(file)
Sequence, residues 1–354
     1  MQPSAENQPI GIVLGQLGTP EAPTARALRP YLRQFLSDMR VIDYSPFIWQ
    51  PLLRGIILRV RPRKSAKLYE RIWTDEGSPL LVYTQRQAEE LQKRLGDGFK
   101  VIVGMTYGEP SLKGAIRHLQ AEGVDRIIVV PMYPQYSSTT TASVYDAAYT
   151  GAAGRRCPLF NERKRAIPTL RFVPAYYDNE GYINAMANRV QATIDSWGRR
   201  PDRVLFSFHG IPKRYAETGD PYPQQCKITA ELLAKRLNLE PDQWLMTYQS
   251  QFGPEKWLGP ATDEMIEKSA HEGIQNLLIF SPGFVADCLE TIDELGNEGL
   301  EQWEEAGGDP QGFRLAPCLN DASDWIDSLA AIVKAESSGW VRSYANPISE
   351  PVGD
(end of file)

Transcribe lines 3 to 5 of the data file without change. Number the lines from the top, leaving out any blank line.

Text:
    51  PLLRGIILRV RPRKSAKLYE RIWTDEGSPL LVYTQRQAEE LQKRLGDGFK
   101  VIVGMTYGEP SLKGAIRHLQ AEGVDRIIVV PMYPQYSSTT TASVYDAAYT
   151  GAAGRRCPLF NERKRAIPTL RFVPAYYDNE GYINAMANRV QATIDSWGRR